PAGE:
Gunpowder Plot. Conspiracy to destroy the English Houses of Parliament and King James I when the latter opened Parliament on Nov. 5, 1605. Engineered by à group of Roman Catholics as à protest against anti-Papist measures. In May 1604 the conspirators rented à house adjoining the House of Lords, from which they dug à tunnel to à vault below that house, where they stored 36 barrels of gunpowder. It was planned that when king and parliament were destroyed the Roman Catholics should attempt to seize power. Preparations for the plot had been completed when, on October 26, one of the conspirators wrote to à kinsman, Lord Monteagle, warning him to stay away from the House of Lords. On November 4 à search was made of the parliament vaults, and the gunpowder was found, together with Guy Fawkes (1570 -- 1606), an English Roman Catholic in the pay of Spain (which was making political capital out of Roman Catholics discontent in England). Fawkes had been commissioned to set off the explosion. Arrested and tortured he revealed the names of the conspirators, some of whom were killed resisting arrest. Fawkes was hanged. Detection of the plot led to increased repression of English Roman Catholics. The Plot is still commemorated by an official ceremonial search of the vaults before the annual opening of Parliament, also by the burning of Fawkes's effigy and the explosion of fireworks every Nov. 5.
Every year, Americans celebrate Thanksgiving. Families and friends get together for a big feast. It is a legal holiday in the US. Many people go to church in the morning and at home they have a big dinner with turkey. People gather to give the God thanks for all the good things in their lives.
Thanksgiving is the harvest festival. The celebration was held in 1621 after the first harvest in New England. In the end of 1620 the passengers from the Mayflower landed in America and started settling there. Only half of the people survived the terrible winter. In spring the Indians gave the settlers some seeds of Indian corn and the first harvest was very good. Later, Thanksgiving Days following harvest were celebrated in all the colonies of New England, but not on the same day. In October 1863 President Abraham Lincoln proclaimed a national Thanksgiving. In 191, the US Congress Named fourth Thursday of November a Thanksgiving Day. Thanksgiving Day is a “day of General Thanksgiving to Almighty God for the bountiful harvest with which Canada has been blessed”. Regular annual observance began in 1879. Since 1957 Thanksgiving Day has been observed on the second Monday in October.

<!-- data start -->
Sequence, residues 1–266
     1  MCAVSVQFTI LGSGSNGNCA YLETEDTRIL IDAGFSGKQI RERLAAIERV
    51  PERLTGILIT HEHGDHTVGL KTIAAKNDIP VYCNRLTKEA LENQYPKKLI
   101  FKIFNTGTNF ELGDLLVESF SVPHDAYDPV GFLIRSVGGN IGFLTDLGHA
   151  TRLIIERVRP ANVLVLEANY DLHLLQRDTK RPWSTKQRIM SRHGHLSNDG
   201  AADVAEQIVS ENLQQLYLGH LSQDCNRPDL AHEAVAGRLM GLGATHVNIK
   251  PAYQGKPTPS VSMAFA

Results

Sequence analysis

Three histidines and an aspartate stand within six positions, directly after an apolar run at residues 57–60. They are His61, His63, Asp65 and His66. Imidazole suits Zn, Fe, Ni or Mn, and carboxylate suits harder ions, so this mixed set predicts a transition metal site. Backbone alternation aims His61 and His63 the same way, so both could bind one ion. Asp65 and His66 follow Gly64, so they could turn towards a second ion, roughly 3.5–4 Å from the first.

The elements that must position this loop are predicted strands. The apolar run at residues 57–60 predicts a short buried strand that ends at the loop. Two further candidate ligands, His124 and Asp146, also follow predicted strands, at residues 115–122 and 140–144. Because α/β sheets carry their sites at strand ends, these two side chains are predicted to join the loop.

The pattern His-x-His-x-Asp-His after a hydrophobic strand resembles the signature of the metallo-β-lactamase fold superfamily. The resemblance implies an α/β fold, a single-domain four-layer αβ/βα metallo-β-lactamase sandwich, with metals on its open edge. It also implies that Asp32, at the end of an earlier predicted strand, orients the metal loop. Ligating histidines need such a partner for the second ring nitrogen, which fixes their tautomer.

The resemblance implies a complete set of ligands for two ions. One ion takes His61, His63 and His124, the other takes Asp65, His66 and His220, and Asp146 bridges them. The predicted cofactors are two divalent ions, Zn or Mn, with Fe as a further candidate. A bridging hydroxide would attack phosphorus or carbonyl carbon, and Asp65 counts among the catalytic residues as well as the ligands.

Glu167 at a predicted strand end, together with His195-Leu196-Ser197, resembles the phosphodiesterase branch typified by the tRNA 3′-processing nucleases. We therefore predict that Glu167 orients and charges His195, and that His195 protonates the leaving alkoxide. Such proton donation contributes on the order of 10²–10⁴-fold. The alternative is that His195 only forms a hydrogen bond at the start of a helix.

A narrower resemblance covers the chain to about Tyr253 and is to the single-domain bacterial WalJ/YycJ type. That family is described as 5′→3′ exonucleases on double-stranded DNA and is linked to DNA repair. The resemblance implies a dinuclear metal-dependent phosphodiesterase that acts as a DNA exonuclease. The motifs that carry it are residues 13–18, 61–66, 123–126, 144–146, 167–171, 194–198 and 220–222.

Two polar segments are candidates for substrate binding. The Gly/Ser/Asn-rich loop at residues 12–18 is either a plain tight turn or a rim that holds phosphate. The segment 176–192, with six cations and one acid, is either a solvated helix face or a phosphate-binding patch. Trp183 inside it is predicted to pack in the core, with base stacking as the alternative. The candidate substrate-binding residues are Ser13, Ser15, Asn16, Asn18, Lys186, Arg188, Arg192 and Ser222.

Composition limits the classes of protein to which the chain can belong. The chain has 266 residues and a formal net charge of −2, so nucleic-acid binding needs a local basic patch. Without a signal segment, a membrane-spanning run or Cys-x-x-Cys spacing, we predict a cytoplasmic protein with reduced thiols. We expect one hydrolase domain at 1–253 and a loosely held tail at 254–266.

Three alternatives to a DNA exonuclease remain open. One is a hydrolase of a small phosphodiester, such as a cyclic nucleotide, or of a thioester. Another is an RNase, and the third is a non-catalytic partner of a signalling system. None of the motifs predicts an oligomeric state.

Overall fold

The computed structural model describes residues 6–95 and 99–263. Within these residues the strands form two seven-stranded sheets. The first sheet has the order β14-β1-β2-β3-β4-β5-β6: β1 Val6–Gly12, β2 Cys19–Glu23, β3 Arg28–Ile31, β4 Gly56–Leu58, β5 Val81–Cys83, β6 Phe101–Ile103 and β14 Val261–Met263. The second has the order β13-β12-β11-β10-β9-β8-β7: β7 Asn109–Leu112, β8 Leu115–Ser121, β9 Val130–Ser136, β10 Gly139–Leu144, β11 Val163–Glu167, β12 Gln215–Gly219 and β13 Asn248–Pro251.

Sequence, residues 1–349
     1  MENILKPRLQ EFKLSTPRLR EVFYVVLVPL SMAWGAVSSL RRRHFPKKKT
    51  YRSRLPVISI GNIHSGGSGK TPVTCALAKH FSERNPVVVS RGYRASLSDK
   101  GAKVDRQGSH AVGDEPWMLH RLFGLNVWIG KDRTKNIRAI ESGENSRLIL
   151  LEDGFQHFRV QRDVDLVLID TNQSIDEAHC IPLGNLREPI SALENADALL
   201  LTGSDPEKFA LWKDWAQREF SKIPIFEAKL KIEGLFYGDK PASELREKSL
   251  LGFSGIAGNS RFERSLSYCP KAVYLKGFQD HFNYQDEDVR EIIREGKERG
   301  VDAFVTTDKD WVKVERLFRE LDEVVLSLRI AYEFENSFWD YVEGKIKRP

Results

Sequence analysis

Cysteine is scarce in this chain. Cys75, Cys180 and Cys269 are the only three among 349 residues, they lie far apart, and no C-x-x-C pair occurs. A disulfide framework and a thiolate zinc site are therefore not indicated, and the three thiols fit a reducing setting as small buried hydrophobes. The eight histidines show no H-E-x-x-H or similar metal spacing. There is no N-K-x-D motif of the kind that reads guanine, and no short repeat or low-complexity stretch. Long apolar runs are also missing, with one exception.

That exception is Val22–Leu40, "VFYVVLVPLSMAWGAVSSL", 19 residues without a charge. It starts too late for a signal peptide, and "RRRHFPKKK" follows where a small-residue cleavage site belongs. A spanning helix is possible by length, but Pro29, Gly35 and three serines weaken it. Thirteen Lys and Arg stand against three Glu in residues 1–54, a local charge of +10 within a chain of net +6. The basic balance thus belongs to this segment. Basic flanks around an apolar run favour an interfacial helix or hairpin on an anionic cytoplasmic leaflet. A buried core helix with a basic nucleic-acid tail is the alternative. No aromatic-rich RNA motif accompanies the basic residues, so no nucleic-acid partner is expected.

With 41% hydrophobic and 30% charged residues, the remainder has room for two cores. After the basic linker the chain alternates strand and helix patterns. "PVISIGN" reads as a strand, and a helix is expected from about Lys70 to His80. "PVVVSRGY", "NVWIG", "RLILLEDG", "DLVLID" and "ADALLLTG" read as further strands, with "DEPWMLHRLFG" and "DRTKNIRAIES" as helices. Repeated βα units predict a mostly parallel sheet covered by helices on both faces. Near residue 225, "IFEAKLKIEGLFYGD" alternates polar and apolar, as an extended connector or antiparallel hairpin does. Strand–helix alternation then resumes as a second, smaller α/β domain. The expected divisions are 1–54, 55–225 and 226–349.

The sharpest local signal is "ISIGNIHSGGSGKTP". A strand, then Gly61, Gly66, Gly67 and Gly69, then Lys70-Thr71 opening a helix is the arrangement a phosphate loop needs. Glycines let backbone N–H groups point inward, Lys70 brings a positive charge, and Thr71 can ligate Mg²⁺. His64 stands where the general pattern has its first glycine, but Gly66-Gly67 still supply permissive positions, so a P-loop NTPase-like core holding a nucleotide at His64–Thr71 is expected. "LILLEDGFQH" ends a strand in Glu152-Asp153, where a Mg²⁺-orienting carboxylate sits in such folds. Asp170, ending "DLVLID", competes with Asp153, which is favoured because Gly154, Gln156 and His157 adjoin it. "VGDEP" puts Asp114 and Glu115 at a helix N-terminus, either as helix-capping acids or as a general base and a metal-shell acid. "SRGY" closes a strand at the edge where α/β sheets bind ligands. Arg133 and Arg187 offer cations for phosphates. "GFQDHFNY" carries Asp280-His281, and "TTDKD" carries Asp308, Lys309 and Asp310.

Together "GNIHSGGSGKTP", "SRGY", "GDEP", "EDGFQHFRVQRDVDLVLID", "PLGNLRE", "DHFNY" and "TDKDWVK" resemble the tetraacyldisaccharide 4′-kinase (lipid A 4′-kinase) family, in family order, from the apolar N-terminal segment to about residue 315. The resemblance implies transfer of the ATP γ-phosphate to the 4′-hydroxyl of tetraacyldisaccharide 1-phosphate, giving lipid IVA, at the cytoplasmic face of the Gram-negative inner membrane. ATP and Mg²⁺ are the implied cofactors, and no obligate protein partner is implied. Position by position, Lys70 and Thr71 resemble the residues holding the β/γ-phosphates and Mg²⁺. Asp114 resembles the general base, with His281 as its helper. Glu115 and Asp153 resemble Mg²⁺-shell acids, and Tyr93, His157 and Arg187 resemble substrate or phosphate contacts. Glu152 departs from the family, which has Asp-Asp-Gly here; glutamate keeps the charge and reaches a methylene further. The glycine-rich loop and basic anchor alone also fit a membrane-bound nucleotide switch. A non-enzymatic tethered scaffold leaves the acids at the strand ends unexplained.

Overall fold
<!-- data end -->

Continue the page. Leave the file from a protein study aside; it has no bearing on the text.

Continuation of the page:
St. Andrew's Day
In some areas, such as Bedfordshire, Buckinghamshire, Hertfordshire, and Northamptonshire, St Andrew was regarded as the patron saint of lace-makers and his day was thus kept as a holiday, or “tendering feast”, by many in that trade. Thomas Sternberg, describing customs in mid-19th-century Northampton shire, claims that St Andrew's Day Old Style (11 December) was a major festival day “in many out of the way villages” of the country: “… the day is one of unbridled license- a kind of carnival; village scholars bar out the master, the lace schools are deserted, and drinking and feasting prevail to a riotous extent. Towards evening the villagers walk about and masquerade, the women wearing men's dress and the men wearing female
attire, visiting one another's cottages and drinking hot Elderberry wine, the chief beverage of the season …”. In Leighton Buzzard, Bedfordshire, a future of the day was the making and eating of Tandry Wigs. A strange belief reported Wright and Lones dedicate that wherever lilies of the valley grow wild the parish church is usually to St Andrew.
CHRISTMAS CELEBRATIONS. Christmas Day is observed on the 25th of December. In Britain this day was à festival long before the conversion to Christianity. The English historian the Venerable Bede relates that “the ancient peoples of Angli began the year on the 25th of December, and the very night was called in their tongue modranecht, that is `mother's night'. Thus it is not surprising that many social customs connected with the celebration of Christmas go back to pagan times, as, for instance, the giving of presents. Indeed, in 1644 the English puritans forbade the keeping of Christmas by Act of Parliament, on the grounds that it was à heathen festival. At the Restoration Charles II revived the feast.
Though religion in Britain has been steadily losing ground and Christmas has practically no religious significance for the majority of the population of modern Britain, it is still the most widely celebrated festival in all its parts except Scotland. The reason for this is clear. With its numerous, often rather quaint social customs, it is undoubtedly the most colourful holiday of the year, and, moreover one that has always been, even in the days when most people were practising Christian, à time for eating, drinking and making merry.